Example:

function hello(firstName, lastName) {
  return `Good morning ${firstName} ${lastName}! 
How are you?`
}

console.log(hello('Ranjeet', 'Andani'))

Output:

Good morning Ranjeet Andani! 
How are you? 

Please note, that we can write multi-line text.

Important: Use backticks rather than apostrophes to wrap the text.

Default function arguments

Don’t you like providing all likely function parameters? Use defaults.

Example:

function sort(arr = [], direction = 'ascending') {
  console.log('I\'m going to sort the array', arr, direction)
}

sort([1, 2, 3])
sort([1, 2, 3], 'descending')

Output:

I'm going to sort the array [1,2,3] ascending 
I'm going to sort the array [1,2,3] descending 

Rest and spread operators

  • spread

It enables the extraction of array or object content as single elements.

Example — make a shallow copy of array:

var array = ['red', 'blue', 'green']
var copyOfArray = [...array]

console.log('Copy of', array, 'is', copyOfArray)
console.log('Are', array, 'and', copyOfArray, 'same?', array === copyOfArray)

Output:

Copy of ["red","blue","green"] is ["red","blue","green"] 
Are ["red","blue","green"] and ["red","blue","green"] same? false 

Example — merge arrays:

var defaultColors = ['red', 'blue', 'green']
var userDefinedColors = ['yellow', 'orange']

var mergedColors = [...defaultColors, ...userDefinedColors]

console.log('Merged colors', mergedColors)

Output:

Merged colors ["red","blue","green","yellow","orange"] 
  • rest

Would you like to use an array to tie the first few function arguments to variables and the rest to single variables? You can do that now with relative ease.

Example:

function printColors(first, second, third, ...others) {
  console.log('Top three colors are ' + first + ', ' + second + ' and ' + third + '. Others are: ' + others)
}
printColors('yellow', 'blue', 'orange', 'white', 'black')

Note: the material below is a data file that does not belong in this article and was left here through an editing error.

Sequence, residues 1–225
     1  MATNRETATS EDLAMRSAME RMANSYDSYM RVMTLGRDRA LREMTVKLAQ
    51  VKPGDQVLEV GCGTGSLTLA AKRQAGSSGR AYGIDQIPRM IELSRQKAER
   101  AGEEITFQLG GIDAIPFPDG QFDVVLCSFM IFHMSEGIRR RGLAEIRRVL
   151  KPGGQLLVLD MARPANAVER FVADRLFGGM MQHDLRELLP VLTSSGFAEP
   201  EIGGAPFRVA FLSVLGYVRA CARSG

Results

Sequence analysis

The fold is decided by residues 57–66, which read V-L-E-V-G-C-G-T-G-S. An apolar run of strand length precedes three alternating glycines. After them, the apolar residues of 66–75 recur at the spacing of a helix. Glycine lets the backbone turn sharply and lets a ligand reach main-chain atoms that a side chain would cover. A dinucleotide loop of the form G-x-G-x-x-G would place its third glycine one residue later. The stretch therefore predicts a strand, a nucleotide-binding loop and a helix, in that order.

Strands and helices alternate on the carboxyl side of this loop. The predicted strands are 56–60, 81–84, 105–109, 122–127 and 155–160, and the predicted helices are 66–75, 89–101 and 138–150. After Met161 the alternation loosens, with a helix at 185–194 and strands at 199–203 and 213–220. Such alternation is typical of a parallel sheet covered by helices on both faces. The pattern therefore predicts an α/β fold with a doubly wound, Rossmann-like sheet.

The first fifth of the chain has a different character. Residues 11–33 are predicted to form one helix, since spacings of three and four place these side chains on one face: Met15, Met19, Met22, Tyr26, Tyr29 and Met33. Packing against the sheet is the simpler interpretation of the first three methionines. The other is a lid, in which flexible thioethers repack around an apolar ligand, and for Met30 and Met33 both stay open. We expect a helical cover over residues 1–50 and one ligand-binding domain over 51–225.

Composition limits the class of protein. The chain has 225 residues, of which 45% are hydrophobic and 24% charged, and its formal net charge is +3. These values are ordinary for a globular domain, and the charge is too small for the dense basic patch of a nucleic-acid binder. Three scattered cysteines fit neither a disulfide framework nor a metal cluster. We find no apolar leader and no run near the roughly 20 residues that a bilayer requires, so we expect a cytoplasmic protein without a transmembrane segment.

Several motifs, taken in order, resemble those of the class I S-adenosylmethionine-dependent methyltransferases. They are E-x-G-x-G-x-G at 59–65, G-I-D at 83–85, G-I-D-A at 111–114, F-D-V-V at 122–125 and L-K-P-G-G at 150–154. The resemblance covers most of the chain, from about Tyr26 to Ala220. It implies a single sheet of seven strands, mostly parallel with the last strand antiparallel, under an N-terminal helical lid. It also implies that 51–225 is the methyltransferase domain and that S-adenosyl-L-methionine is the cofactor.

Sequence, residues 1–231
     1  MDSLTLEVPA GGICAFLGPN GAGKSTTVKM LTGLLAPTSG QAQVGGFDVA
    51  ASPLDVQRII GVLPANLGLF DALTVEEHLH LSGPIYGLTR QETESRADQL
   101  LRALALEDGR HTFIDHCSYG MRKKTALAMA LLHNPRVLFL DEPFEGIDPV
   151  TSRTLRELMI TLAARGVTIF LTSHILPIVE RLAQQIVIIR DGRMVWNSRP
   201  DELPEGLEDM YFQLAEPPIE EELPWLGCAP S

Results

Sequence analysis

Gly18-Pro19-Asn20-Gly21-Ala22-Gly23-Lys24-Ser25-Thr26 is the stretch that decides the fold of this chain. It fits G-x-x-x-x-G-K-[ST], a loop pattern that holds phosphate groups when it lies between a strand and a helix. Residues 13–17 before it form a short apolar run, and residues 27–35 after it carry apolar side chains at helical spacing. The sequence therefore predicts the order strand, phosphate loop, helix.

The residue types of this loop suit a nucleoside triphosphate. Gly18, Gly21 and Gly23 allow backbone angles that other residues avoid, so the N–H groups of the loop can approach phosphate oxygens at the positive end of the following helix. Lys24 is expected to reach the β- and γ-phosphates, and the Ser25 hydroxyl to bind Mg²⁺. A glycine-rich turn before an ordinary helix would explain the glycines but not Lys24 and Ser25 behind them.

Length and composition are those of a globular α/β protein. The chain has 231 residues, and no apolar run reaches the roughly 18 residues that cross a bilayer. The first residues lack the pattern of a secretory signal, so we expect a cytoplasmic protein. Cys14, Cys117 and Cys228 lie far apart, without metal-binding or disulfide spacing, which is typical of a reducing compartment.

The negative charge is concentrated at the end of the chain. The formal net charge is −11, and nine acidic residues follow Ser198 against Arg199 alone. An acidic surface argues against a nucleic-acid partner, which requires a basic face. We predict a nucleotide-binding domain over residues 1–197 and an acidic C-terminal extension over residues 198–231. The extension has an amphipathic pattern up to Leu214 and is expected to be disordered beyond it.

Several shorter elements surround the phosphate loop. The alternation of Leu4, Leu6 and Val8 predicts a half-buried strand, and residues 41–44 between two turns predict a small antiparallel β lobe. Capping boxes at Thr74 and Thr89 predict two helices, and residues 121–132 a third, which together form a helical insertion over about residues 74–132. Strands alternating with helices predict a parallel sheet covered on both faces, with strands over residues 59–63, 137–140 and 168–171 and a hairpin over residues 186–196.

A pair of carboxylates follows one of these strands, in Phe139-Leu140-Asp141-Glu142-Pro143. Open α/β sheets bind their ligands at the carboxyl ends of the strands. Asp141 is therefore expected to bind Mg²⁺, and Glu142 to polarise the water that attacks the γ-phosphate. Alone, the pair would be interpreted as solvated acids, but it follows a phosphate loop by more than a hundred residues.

Output:

Top three colors are yellow, blue and orange. Others are: white,black 

Destructuring

  • Of array

Allows for the extraction of preferred items from an array and their assignment to variables.

Example:

function printFirstAndSecondElement([first, second]) {
    console.log('First element is ' + first + ', second is ' + second)
}

function printSecondAndFourthElement([, second, , fourth]) {
    console.log('Second element is ' + second + ', fourth is ' + fourth)
}

var array = [1, 2, 3, 4, 5]

printFirstAndSecondElement(array)
printSecondAndFourthElement(array)

Output:

First element is 1, second is 2 
Second element is 2, fourth is 4 
  • Of object

Allows you to extract specified attributes from an object and assign them to variables with the same name as the requested properties.

Example:

function printBasicInfo({firstName, secondName, profession}) {
	console.log(firstName + ' ' + secondName + ' - ' + profession)
}

var person = {
  firstName: 'John',
  secondName: 'Smith',
  age: 33,
  children: 3,
  profession: 'teacher'
}

printBasicInfo(person)

Output:

John Smith - teacher 

Promises

Promises (yeah, I know it sounds strange) that you will get in the future as a result of postponed or long-running tasks.

Promise has two channels: one for outcomes and another for possible errors. The callback function is passed as the ‘then’ function argument to obtain the outcome. You use the callback function as the ‘catch’ function argument to manage errors.

Because of the random function call, the outcome of the example may vary for each iteration.

Example:

function asyncFunc() {
    return new Promise((resolve, reject) => {
        setTimeout(() => {
          const result = Math.random();
          result > 0.5 ? resolve(result) : reject('Oppps....I cannot calculate')
        }, 1)
    });
}

for (let i=0; i<10; i++) {
	asyncFunc()
    	.then(result => console.log('Result is: ' + result))
    	.catch(result => console.log('Error: ' + result))
}

Output:

Result is: 0.7930997430022211 
Error: Oppps....I cannot calculate 
Result is: 0.6412258210597288 
Result is: 0.7890325910244533 
Error: Oppps....I cannot calculate 
Error: Oppps....I cannot calculate 
Result is: 0.8619834683310168 
Error: Oppps....I cannot calculate 
Error: Oppps....I cannot calculate 
Result is: 0.8258410427354488